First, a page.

Fresh Fish: There's Nothing Like It!

The key to great-tasting fish is freshness. Ask the right questions and buy the very best you can.

By FamilyTime


As evidence mounts about the health benefits of eating fish, more and more of us turn to this low-fat source of protein once or twice a week. And then there are the longtime fish lovers who have been eating fish regularly for years.

Regardless of which group you fall into, you want to buy the best-tasting fish you can. The key is to buy it as fresh as possible. Flash frozen fish is an acceptable alternative.

Fresh from the Seas and Lakes
Insist on fresh fish, if it's available. Talk to the fishmonger at the supermarket or fish store and find out the fish delivery days. Try to buy it on one of those days, or the next.

In the store, fish should be displayed on beds of cracked ice. This is the best way to keep it cold. Avoid fish wrapped in plastic and displayed in cold bins similar to meat. These refrigeration units are not cold enough for fish.

Examine the fish before you buy. It should be clear colored and moist, not discolored or dry. If the fish is whole, its scales should be intact and bright; its gills should be dark red, not pink or brown; and its eyes should be clear, not milky.

Fillets and steaks should be evenly colored, have no dry patches, and be firm and moist. Do not buy any that are dull looking or mushy.

Ask to smell the fish. It should have no fishy aroma, but instead should be fresh and clean smelling. If it's an ocean swimmer, it should smell of the sea. If your fish monger resists letting you smell the fish, walk away.

Additionally, the fish store or market should smell fresh and clean.

Frozen Fish
In many parts of the country, frozen fish is the only choice. Make sure it is flash frozen and stored well below the freezer's rim in the market. Ask the manager of the fish department if the fish was frozen on board the fishing boat. This is preferred.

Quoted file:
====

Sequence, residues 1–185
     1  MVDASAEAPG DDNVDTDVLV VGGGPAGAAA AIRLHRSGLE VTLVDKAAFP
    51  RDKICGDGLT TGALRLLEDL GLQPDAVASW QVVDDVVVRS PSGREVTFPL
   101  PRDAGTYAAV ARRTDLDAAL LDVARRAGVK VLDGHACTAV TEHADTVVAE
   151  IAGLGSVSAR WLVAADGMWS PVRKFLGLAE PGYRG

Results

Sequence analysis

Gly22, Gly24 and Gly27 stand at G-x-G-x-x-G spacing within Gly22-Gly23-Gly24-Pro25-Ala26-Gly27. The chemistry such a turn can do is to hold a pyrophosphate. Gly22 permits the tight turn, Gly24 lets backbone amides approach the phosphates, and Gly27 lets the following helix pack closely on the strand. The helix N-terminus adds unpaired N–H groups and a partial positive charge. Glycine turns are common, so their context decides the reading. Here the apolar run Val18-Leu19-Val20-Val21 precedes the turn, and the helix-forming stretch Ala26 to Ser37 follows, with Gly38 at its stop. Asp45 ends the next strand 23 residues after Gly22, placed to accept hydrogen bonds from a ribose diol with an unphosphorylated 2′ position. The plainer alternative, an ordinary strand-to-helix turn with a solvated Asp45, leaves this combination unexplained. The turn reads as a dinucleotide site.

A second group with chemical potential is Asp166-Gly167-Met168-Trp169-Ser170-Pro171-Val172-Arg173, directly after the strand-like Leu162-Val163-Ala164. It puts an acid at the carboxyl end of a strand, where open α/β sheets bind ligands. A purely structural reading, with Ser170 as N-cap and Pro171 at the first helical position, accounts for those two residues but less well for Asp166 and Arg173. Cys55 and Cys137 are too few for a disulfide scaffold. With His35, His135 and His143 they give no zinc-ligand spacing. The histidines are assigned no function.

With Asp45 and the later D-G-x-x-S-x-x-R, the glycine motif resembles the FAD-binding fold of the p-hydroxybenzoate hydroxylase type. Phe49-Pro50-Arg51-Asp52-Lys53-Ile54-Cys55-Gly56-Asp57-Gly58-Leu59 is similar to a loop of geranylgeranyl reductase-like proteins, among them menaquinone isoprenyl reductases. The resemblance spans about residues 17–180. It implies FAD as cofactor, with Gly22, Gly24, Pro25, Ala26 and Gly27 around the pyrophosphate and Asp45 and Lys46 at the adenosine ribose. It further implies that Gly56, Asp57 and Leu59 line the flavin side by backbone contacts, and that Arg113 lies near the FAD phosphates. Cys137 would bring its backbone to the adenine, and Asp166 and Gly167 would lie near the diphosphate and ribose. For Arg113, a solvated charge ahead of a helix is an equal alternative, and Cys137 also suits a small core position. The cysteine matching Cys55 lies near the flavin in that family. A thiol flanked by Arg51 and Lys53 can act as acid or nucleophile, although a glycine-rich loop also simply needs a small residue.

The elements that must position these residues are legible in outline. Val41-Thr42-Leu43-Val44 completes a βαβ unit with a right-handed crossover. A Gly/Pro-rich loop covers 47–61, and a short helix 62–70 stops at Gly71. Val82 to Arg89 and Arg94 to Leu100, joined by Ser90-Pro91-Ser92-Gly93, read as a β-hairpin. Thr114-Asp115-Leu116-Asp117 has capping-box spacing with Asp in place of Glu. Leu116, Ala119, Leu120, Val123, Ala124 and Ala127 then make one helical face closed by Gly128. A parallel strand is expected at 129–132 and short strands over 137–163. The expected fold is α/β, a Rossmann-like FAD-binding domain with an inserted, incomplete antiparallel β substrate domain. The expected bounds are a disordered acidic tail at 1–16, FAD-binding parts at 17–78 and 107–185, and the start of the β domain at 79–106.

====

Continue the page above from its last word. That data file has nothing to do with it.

Frozen fish should be rock hard. It should not be discolored, which indicates freezer burn. There should be no icy shards inside the packaging, which indicate defrosting and re-freezing.

Storing Fish at Home
Every now and then you will read that you should pack a cooler with ice before you set out to buy fish. This is good advice but unless you have a long drive in the hot sun, not practical. Instead, plan to buy fish last on the list and then drive directly home.

It's never a bad idea to ask the fishmonger for an insulated bag of chopped or shaved ice if you are going straight home. Store fish on on top of it or covered with it in the refrigerator.

Refrigerate fish as soon as you get home. If you have bought a whole fish, keep it wrapped, lay it in a pan, cover it with ice, and then refrigerate.

Most people buy fish steaks or fillets. These do well wraped in plastic and then covered with ice, or set them on a bed of ice in the refrigerator.

Plan to eat the fish on the day you buy it or the next day.

If you freeze the fish, wrap it well and store it in the coldest part of the freezer. Cook it after no more than a month. Defrost it in the refrigerator, never on the counter.

If you take the time to look for the best, you won't be disappointed. Fish is a great meal!